Tinello lunch.jpg

A tinello, in Italian, is a larder, a pantry. A closet for food. It's a word like any other kitchen term, like padella (saucepan) or coltello (knife). But in Noo Yawk there's an actual restaurant called Tinello, whose owners have a warped view of their own importance.

When a dude named Rudy LaValle opened a spot in Pioneer Square last year and called it Tinello, the Noo Yawk guys freaked out and had their lawyers send LaValle a "cease & desist" letter claiming they owned the Tinello name. And like a total doofus, LaValle caved in.

Now, my original impression of the Pioneer Square Tinello was less than four-star. It lacked focus, its food was uninteresting, its wine list dull. But LaValle launched a quick Kickstarter campaign to "finish" the place and relaunch with a new name,


Radici are not radishes but roots. Rah-DEE-chee. Went back there for lunch the other day, before they changed the sign, and it was yummy, Especially the caprese plate. A fine addition to Seattle's Sandwich District.

Babcock Ridge & Two-Gun vineyard.JPG

Last year at about this time we reported on the newest AVA in Washington State, Ancient Lakes. Much was due to the imagination and perseverance of Dr. Vince Bryan, the neurologist-turned-grape grower who personally excavated The Gorge amphitheater as well as planting the vineyards for Cave B. But he didn't do it alone. Butch and Jerry Millbrandt, brothers and enlightened farmers, did much of the heavy lifting: 2,300 acres at a dozen sites in the desert sands of eastern Washington. That's their Babcock Vineyard in the photo above.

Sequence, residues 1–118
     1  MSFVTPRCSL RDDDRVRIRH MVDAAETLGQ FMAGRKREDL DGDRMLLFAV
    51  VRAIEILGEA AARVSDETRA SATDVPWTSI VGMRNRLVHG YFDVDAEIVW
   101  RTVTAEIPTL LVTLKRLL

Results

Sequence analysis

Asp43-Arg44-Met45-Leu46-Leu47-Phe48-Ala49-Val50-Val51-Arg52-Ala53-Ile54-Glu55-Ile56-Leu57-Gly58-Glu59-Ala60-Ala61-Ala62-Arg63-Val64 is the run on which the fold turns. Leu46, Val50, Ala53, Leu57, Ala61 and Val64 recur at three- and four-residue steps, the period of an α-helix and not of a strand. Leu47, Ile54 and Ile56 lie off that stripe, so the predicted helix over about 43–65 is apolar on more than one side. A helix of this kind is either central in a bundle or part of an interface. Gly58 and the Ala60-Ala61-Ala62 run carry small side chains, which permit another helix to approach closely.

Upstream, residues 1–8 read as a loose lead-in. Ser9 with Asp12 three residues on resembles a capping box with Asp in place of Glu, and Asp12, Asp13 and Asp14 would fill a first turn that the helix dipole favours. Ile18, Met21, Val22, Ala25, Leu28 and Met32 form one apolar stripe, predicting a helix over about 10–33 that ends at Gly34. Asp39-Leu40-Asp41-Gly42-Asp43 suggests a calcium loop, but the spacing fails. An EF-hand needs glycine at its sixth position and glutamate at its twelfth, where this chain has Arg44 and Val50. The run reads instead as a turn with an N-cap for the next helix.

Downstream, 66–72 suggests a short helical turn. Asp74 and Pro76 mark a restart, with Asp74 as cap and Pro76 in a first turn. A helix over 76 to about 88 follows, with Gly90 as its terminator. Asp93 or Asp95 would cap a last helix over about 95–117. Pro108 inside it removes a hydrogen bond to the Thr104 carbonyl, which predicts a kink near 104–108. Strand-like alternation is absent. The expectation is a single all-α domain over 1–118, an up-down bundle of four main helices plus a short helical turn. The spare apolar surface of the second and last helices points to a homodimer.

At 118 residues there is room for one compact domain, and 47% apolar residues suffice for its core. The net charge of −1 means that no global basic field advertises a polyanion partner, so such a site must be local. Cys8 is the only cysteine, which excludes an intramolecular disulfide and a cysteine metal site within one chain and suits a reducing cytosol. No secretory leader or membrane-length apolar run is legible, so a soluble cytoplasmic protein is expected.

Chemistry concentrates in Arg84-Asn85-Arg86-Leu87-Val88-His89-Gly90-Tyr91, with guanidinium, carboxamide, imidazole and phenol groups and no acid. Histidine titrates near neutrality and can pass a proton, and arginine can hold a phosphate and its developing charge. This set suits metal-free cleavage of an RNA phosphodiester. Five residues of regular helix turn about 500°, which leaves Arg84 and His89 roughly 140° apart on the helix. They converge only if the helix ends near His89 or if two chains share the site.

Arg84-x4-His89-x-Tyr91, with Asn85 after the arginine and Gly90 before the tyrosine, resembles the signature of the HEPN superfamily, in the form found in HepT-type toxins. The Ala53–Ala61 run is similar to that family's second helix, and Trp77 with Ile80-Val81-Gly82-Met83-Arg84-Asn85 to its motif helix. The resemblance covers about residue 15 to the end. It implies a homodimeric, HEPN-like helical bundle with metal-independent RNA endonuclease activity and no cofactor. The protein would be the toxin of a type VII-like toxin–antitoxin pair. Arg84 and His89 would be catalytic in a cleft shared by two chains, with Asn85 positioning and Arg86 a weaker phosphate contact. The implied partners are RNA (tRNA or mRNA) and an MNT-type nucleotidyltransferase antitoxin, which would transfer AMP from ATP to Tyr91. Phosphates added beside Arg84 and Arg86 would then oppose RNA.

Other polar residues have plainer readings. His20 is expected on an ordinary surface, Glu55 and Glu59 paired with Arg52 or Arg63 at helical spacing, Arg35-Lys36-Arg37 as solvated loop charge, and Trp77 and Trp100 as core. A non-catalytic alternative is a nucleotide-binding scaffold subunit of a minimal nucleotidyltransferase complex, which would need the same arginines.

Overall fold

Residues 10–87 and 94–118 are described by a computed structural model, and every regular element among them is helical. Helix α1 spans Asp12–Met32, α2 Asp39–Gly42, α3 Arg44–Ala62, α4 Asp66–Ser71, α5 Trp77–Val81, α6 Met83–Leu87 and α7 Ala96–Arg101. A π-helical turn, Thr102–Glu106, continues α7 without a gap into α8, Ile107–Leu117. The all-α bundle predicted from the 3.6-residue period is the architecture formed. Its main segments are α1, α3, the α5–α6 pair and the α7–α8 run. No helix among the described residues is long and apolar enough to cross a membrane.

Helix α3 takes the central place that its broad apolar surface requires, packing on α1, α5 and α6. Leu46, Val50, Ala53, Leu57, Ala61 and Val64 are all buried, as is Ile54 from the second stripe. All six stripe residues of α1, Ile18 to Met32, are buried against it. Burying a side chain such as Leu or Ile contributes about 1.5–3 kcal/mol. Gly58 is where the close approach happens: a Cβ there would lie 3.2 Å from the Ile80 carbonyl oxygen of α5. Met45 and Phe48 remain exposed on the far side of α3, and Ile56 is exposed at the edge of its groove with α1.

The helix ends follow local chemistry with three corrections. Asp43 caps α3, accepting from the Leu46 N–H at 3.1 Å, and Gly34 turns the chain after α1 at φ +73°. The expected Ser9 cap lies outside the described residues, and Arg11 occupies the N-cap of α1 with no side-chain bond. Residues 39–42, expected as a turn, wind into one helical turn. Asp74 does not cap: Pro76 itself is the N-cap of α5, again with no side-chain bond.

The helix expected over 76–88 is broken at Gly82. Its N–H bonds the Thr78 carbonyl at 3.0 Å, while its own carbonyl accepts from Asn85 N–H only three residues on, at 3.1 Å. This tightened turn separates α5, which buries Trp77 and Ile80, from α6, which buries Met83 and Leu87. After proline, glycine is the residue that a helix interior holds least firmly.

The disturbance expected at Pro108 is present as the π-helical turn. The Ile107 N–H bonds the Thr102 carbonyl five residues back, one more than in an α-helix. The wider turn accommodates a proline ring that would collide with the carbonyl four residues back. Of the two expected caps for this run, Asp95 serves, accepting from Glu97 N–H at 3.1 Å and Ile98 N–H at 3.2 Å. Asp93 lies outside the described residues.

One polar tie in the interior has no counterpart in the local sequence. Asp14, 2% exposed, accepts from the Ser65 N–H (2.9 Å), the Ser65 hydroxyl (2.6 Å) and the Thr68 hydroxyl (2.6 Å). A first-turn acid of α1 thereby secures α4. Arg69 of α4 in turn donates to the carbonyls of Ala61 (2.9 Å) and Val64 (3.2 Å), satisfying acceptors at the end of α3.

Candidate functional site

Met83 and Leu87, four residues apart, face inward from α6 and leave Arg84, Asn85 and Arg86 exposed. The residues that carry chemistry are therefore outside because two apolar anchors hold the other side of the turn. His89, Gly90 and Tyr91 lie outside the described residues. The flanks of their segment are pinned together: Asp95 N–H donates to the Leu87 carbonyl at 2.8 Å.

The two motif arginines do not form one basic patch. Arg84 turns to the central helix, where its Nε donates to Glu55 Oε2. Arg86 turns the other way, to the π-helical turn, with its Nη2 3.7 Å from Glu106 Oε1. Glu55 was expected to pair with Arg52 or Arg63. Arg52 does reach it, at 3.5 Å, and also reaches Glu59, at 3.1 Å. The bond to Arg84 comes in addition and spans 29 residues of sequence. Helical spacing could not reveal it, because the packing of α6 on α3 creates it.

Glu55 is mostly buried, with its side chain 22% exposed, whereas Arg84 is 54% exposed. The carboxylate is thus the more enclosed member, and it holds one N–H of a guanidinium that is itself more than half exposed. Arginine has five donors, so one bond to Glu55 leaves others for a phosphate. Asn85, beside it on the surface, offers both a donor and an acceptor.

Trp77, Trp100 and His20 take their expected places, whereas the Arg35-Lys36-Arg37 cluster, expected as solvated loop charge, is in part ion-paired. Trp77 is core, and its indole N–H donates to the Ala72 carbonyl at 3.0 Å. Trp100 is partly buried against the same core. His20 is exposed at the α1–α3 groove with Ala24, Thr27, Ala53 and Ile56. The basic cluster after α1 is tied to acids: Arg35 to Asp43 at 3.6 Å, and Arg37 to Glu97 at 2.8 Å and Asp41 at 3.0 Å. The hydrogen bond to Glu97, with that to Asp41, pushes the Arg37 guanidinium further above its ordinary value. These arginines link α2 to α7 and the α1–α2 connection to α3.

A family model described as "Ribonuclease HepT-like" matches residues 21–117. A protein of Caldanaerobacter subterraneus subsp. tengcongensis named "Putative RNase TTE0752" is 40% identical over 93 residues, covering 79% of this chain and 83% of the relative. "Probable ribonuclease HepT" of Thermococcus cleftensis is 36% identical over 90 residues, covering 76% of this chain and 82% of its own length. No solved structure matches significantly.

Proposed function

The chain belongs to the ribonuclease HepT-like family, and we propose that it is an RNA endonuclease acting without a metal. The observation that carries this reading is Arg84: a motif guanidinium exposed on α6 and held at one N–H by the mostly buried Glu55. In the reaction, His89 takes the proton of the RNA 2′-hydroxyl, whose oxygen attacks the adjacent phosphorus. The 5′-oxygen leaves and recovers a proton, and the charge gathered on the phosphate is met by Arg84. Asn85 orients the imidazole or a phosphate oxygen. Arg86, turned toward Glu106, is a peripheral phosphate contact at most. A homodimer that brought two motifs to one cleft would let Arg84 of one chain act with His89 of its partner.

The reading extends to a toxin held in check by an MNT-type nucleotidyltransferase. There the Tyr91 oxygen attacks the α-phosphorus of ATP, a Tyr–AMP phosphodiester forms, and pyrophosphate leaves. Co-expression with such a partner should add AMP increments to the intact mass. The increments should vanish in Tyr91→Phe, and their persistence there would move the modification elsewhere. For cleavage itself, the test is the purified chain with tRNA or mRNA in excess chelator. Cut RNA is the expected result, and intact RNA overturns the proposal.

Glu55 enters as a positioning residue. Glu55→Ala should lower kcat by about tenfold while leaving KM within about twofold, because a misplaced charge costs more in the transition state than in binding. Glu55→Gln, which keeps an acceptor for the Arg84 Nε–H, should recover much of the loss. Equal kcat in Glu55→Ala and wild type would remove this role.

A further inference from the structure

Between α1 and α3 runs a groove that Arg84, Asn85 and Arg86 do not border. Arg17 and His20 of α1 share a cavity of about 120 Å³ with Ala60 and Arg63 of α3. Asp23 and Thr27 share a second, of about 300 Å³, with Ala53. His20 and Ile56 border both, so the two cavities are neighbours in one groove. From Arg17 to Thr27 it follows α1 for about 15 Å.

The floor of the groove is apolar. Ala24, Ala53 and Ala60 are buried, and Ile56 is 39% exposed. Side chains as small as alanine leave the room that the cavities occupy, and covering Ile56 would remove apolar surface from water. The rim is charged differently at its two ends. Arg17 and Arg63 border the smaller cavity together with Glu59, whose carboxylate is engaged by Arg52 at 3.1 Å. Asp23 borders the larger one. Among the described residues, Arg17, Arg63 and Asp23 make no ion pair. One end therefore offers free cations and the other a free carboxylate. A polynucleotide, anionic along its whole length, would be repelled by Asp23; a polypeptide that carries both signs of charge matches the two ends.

Now the Millbrandts have decided to make the move from growers to wine makers. The Capital Press reports that they're investing $6 million in a crushing facility to be built at the new Port of Quincy. Their label will be called Ancient Lakes Winery. You might think Washington is all wined out, that Walla Walla and Woodinville are saturated with "wineries" that are basically glorified gift shops with a limited inventory. You'd be wrong.

Bill the  Butcher hog butcher.jpg

You will note, please, that Chris Marquez is covered in tattoos and piercings, yet wears a tie when he's in public. He's a butcher by trade and training, and works for Bill the Butcher, a chain of six shops in the Seattle area. Last night, in Wallingford, he made short work of a 200-lb. hog from Tails & Trotters, a farm outside Portland, Ore.

With saw, scimitar and boning knife, Marquez first removes the head, then the jowls (guanciale, highly prized by Italian chefs), the coppa, or neck collar, then the trotters, then the hocks. Shoulder, rack, loin. (The butt isn't the pig's butt but its shoulder, in butcher-speak.) Ending with the hams, at the back end of the animal, skin on, skin off, smoked, boneless.

If you're content buying your Easter ham at Safeway or Freddie's, if it doesn't matter to you where they get their meat or how the frozen carcasses were rammed through a bandsaw, then you'll be put off by the prices at a custom butcher shop. But if you care about what you put on your plate and into your mouth, well, that's a whole different story. The difference per serving is probably less than the cost of a beer.

At the Northwest Foodservice Show this week, Seattle-based Corfini Gourmet and Portland-based Nicky USA were also touting the virtues of meat without chemicals. This just might be the moment for a heightened awareness that chickens, goats, lambs, pigs and beef can be raised humanely.

As for Bill the Butcher, the fledgling company seems to have weathered its latest storms. Its ceo, J'Amy Owens, just announced plans to open 10 stores in Oregon.

Full moon? Eclipse?

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I don't know, the moon was there last ngiht.